The Mandalorian: Return of Ahsoka Tano

Fans have been waiting to know when they’d see her take on The Clone Wars hero ever since the rumours kicked off in March that Rosario Dawson will be playing a live-action version of a favorite animated Star Wars character. A few weeks ago, when Bo-Katan Kryze (Katee Sackhoff) told Din Djarin (Pedro Pascal) that he could search for a Force user called Ahsoka Tano who could assist him with his very special babysitting gig, the Mandalorian viewers had new cause to hope. This iconic character may be new to Star Wars live-action audiences, but animated series enthusiasts like The Clone Wars and Rebels understand her well. Now is the best time to brush up on your Ahsoka Tano lore and think what the future of The Mandalorian and the potential return of Admiral Thrawn, Ezra Bridger, and more would mean for her re-appearance.

Ahsoka Tano has never turned up at a live-action Star Wars property until her presence on The Mandalorian Thursday. But Ashley Eckstein’s animated character premiered twelve years ago and is incredibly important to a generation of fans of Star Wars who grew up on her animated adventures. Her tale is cleverly tucked between the spaces of the main film series, and while moviegoers do not yet know her name, she is an important part of the Skywalker clan’s rise and fall. She may also be a gateway to Star Wars’ future, along with Ezra Bridger and Admiral Thrawn, but let’s begin with a brief overview of the fundamentals before we get to future speculation.

She’s who? To fans of The Clone Wars animated series, this will be familiar stuff, but we’ll get through it fast. Ahsoka Tano a.k.a. Ashla a.k.a. Snips a.k.a. Sohka a.k.a. Little One a.k.a. Fulcrum is a Togruta that represents its orange-ish complexion, white face marks and distinctive tails of blue and white fur. When she was very young and like many young Force-sensitive children before her, Jedi Master Plo Koon noticed her ability with the Force and she was sent to the Jedi Temple to learn. Yoda himself chose Jedi Knight Anakin Skywalker when it came time to pair young Padawan Ahsoka with a master. This is after Attack of the Clones, the second prequel film, and before Revenge of the Sith. In other words, the Master of Ahsoka was only a little older than that.

Why will Yoda send Anakin, a promising and unpredictable young Jedi, a student to train who he considers poses a threat to the Order? Really it’s a pretty thoughtful move that really succeeds. Yoda hopes that in Ahsoka, Anakin will see some of his own reckless actions that will teach him to be more careful. Yoda also hopes that through his friendship with Ahsoka, Anakin, who is forever frightened by his mother’s death and plagued by anxiety that he will lose his secret lover, Amidala, will try not to cling too fast to the things and people he loves. And, as you might know, terror brings rage… anger brings hatred… you get the idea.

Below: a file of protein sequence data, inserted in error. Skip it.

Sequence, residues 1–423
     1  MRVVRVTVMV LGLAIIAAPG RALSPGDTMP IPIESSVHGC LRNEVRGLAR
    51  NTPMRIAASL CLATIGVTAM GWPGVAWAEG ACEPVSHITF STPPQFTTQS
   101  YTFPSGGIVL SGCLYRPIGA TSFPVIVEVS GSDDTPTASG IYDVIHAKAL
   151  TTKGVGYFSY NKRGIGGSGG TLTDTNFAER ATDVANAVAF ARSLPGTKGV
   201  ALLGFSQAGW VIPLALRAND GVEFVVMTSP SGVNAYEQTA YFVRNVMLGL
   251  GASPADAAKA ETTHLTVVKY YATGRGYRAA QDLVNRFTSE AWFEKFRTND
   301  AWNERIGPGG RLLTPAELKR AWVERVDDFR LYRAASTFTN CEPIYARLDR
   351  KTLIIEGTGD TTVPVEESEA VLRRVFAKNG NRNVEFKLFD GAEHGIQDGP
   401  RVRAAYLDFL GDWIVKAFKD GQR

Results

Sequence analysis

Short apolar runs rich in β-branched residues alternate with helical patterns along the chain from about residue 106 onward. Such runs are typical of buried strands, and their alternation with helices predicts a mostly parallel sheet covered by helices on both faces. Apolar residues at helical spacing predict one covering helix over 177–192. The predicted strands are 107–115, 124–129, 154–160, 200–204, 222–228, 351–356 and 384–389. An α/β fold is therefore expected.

Why does She Matter? Before he co-created The Mandalorian with Jon Favreau, Filoni, who was the mastermind behind the animated shows, told Vanity Fair that Ahsoka Tano was one of the first characters he ever drew. He still speaks about her fondly, almost as if she were a daughter of literature. The adolescent Ahsoka was conceived to give children an entrance point for adventure as a young character at the beginning of her quest in The Clone Wars. Yet she became something more and, ultimately, helped shape the interpretation of Anakin Skywalker’s fanbase. Skywalker’s parental friendship with Ahsoka and valiant behavior as a General in The Clone Wars did a lot of work to endear him to viewers if Anakin’s plunge to the Dark Side in the prequel trilogy did not reach exactly the way George Lucas expected it to.

Still of course, outside of her friendship with the man who taught her, we should remember Ahsoka. She’s just as important to the continuing growth of the fanbase in that sense. In The Force Awakens, some Star Wars viewers may have been surprised to see Daisy Ridley’s Rey swinging a lightsaber. Before then all the lead characters were men with lightsabers. But for a generation growing up in The Clone Wars, the old hat was a girl with a lightsaber. Lightsaber one? Just try two. She also resides beyond the limits of the Jedi Order in a very complex, non-regimented space.